Reginald Rose wrote Twelve Angry Men after his own experience serving as a juror on a case of manslaughter. In his experience with a pillar of American society “facing a strange man whose life is more or less in his hands”, he saw the potential for an “exciting and potentially moving experience for an audience”.

Twelve Angry Men is set in the United States of America, where the courtroom drama was and still is one of the most popular genres on television. The 1950s saw the rise of the television. Within a decade, it became the primary medium from which many historical events were broadcast and brought to the home, in turn influencing public opinion. Originally broadcast as a live production teleplay to critical acclaim and subsequently adapted to one of the most iconic legal films of all time, Twelve Angry Men embodies many aspects of 1950s American society, socially and politically. Then considered a lengthy television drama for its fifty minutes total running time, to “meet the demands of the new medium”, the drama had to be condensed, but remains poignant in its message. In the mid-fifties, America was knee deep in the long standing Cold War between the United States and the USSR, within its borders the partisanship and rivalry between the two major parties continue as it had since the founding of the state. Twelve Angry Men was broadcast in such a context, where television was most influential and political tensions run high, that the connection between them and the play was critical in examining its purpose. 

The Cold War

Early in the Cold War era, President Henry Truman led the advocacy for American values of freedom and democracy in opposition to the threat of communism with his “Campaign of Truth”. Essentially providing pro-United States propaganda through the use of media, such as the radio station Radio Free Europe that counters the Communist-centric news media and “exposes their lies” in eastern Europe, American ideas are promoted internationally by the United States. Domestically, cinema and television in particular were used as tools to raise morale and reinforce American values. The ways in which the United States and USSR differ were picked and dramatised, the superiority of the American values and way of life highlighted. Elevating American politics and diminishing the USSR’s communist ideas is more often than not the primary purpose of film and television.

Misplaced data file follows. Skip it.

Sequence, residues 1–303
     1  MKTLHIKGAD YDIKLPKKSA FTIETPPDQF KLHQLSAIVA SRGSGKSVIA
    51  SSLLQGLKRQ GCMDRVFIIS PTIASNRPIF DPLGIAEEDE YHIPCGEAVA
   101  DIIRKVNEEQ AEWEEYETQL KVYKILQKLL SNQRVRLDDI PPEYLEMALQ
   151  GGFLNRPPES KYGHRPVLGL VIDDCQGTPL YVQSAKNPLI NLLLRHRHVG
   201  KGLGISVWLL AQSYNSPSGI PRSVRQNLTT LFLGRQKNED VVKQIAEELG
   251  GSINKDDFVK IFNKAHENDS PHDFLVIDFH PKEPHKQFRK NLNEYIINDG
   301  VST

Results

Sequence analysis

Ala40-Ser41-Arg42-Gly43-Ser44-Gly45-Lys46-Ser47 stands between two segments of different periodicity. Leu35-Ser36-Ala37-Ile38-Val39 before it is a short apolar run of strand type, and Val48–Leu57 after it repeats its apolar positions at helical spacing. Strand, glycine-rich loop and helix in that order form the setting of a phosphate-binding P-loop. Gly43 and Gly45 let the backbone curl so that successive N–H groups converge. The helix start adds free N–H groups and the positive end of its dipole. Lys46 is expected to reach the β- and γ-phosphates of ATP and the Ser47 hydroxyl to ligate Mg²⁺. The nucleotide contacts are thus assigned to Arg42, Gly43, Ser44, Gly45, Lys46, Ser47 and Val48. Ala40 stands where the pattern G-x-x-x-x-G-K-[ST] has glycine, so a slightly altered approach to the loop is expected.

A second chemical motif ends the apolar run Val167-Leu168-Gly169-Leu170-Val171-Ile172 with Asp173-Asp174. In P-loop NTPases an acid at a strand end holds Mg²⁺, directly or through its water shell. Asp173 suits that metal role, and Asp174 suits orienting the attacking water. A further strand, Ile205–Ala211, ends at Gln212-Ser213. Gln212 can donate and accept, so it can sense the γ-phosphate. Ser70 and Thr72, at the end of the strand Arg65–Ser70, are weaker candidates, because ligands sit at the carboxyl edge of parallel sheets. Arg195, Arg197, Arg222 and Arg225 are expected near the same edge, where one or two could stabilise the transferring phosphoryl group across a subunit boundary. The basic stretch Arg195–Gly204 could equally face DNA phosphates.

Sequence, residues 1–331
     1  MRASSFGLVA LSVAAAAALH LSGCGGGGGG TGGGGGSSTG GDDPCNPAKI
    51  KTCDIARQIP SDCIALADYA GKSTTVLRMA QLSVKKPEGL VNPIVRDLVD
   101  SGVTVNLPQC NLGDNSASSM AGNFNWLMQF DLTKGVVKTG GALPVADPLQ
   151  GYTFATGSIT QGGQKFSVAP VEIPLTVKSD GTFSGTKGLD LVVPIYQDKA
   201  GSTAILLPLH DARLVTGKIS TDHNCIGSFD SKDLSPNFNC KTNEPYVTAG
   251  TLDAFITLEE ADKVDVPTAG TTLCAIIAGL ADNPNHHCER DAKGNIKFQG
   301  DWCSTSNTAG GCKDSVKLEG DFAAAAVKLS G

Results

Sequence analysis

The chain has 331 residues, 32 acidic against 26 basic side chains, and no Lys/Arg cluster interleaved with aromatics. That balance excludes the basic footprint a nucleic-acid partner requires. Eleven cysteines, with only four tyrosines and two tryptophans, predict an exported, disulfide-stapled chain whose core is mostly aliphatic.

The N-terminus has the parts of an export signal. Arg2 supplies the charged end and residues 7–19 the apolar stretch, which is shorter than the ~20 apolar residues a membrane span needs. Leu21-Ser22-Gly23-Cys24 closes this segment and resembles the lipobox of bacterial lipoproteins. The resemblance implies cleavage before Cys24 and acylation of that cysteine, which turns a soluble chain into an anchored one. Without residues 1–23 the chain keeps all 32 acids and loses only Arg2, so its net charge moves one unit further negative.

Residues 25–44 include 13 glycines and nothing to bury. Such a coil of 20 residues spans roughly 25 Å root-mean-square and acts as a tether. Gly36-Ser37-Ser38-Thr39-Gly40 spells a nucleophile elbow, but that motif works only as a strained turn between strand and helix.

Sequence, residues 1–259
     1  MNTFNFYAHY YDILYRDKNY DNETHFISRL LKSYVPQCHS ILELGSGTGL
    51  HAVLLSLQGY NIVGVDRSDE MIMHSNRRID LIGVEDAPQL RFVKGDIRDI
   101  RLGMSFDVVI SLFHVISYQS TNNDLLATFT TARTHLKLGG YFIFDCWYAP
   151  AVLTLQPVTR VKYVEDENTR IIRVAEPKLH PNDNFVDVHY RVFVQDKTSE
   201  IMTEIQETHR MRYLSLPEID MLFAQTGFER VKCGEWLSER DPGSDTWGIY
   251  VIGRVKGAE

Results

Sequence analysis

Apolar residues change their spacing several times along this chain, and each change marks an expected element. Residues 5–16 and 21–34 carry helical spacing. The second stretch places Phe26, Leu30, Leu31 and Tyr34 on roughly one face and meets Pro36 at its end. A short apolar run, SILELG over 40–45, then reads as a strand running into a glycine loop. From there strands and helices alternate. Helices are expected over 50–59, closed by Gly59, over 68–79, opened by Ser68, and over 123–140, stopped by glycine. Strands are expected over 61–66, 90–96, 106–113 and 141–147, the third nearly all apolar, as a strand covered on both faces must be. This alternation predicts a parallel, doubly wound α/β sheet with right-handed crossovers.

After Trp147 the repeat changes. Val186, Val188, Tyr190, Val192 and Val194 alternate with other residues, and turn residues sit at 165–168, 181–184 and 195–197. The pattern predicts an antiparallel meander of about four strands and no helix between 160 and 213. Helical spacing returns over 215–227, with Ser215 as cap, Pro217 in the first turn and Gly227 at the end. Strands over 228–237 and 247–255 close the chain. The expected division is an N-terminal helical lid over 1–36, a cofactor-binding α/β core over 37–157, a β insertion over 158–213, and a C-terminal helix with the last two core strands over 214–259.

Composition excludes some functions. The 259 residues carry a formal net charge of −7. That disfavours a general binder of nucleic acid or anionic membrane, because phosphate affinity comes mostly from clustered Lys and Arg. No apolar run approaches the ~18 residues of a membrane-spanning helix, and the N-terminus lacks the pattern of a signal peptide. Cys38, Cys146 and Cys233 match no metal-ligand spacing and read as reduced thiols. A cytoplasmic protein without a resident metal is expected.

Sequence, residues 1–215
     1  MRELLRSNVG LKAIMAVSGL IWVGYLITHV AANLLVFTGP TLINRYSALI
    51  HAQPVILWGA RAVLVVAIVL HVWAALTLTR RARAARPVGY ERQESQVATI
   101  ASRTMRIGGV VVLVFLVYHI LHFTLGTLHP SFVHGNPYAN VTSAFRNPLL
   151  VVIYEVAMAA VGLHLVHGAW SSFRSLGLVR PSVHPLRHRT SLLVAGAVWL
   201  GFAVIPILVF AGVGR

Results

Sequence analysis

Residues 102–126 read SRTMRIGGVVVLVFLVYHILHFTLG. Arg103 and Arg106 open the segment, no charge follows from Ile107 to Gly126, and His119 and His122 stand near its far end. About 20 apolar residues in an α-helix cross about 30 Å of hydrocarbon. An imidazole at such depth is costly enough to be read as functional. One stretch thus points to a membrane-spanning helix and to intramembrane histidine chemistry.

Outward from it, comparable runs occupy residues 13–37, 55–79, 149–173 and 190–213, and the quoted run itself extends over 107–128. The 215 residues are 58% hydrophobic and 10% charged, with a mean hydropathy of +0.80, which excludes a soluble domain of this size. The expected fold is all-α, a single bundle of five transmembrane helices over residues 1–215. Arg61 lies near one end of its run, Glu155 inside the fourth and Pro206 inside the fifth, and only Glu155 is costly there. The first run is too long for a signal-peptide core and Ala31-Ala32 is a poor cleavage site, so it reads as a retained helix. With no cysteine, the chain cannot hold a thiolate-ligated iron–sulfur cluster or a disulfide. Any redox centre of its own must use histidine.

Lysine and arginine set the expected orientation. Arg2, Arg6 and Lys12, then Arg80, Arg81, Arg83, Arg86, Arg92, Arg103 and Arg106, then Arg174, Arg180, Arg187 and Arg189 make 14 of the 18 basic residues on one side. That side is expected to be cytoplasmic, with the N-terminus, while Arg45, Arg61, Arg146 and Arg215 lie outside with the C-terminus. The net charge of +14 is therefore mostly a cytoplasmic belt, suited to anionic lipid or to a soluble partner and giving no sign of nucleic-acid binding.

Twelve Angry Men, originally televised in 1954 and adapted into a movie in 1957, is set at the height of the Cold War, likewise commits to showing the superiority of the American democracy and justice system. This purpose was even recognised with the American Bar Association’s Silver Gavel award, which honours works that comprehends and delivers well jurisprudence in the United States.

Partisanship in the United States